[Vide supra, p. 245.]

division into the Homcean and Homæusian factions. Scarcely had Aetius been ordained, when the same notorious irregularities in his carriage, whatever they were, which had more than once led to his expulsion from the lay communion of the Arians, caused his deposition from the diaconate, by the very prelate who had promoted him to it. After this, little is known of him for several years; excepting a dispute, which he held with the Semi-Arian Basil, which marks his rising importance. During the interval, he ingratiated himself with Gallus, the brother of Julian; and was implicated in his political offences. Escaping, however, the anger of Constantius, by his comparative insignificance, he retired to Alexandria, and lived for some time in the train of George of Cappadocia, who allowed him to officiate as deacon. Such was at this time the character of the clergy, whom the Arians had introduced into the Syrian Churches, that this despicable adventurer, whose manners were so odious, as his life was eccentric, and his creed blasphemous, had sufficient influence to found a sect, which engaged the attention of the learned Semi-Arians at Ancyra (A.D. 358), and has employed the polemical powers of the orthodox Fathers, Basil and Gregory Nyssen.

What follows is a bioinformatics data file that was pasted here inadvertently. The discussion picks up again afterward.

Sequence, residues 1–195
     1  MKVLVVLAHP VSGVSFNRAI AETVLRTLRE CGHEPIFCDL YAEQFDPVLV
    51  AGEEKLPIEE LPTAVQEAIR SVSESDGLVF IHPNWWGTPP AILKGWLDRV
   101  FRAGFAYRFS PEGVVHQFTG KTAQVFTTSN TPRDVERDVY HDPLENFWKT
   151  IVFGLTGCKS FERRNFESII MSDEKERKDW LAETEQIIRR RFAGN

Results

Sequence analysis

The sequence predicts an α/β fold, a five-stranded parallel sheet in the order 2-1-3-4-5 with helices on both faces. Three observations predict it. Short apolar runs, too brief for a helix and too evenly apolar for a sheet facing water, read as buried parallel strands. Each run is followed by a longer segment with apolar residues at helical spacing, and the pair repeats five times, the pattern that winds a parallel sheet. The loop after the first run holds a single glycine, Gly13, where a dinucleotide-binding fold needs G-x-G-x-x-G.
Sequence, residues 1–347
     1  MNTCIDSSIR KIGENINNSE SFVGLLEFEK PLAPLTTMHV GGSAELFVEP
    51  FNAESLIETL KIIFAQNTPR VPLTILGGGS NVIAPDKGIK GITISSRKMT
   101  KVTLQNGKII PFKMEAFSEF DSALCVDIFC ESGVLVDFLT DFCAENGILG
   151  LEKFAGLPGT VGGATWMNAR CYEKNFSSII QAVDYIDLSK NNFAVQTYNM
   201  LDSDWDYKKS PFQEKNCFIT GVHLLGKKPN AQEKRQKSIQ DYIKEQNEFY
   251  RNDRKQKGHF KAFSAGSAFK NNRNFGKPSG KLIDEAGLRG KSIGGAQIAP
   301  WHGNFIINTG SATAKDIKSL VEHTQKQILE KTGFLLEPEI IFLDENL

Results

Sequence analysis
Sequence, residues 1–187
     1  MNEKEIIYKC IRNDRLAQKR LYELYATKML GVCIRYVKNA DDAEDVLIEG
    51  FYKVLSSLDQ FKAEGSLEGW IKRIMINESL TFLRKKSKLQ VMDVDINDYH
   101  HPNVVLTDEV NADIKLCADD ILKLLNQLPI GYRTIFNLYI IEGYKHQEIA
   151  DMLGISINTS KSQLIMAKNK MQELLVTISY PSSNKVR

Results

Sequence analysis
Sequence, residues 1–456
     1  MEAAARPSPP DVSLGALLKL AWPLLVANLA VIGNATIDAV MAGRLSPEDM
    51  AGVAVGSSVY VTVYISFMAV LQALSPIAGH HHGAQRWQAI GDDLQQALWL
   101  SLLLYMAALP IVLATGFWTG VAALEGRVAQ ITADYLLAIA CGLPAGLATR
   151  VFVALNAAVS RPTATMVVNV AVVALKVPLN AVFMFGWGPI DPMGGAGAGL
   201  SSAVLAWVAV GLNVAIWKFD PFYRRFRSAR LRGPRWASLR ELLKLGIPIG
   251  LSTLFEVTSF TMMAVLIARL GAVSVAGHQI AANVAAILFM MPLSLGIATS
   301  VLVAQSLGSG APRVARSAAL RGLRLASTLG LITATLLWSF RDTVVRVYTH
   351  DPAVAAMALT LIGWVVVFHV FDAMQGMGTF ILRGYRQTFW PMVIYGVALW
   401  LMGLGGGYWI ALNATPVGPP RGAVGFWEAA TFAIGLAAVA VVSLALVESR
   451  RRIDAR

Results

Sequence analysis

Eunomius, his disciple, was the principal disputant in the controversy. With more learning than Aetius, he was enabled to complete and fortify the Anomæan system, inheriting from his master the two peculiarities of character which belong to his school; the first, a faculty of subtle disputation and hard mathematical reasoning, the second, a fierce, and in one sense an honest, disdain of compromise and dissimulation. These had been the two marks of Arianism at its first rise; and the first associates of Arius, who, after his submission to Constantine, had kept aloof from the Court party in disgust, now joyfully welcomed and joined the Anomaans. The new sect justified their anticipations of its boldness. The same impatience, with which Aetius had received the ambiguous explanations of the Eusebian Bishop of Anazarbus, was expressed by Eunomius for the Acacianism of Eudoxius of Antioch, who in vain endeavoured to tutor him into a less real and systematic profession of the Arian tenets. So far did his party carry their vehemence, as even to re-baptize their Christian converts, as though they had been heathen ; and that, not in the case of Catholics only, but, to the great offence of the Eusebians, even of those, whom they converted from the other forms of Arianism. Earnestness is always respectable; and, if it be allowable to speak with a sort of moral catachresis, the Anomeans merited on this account, as well as ensured, a success, which a false conciliation must not hope to obtain.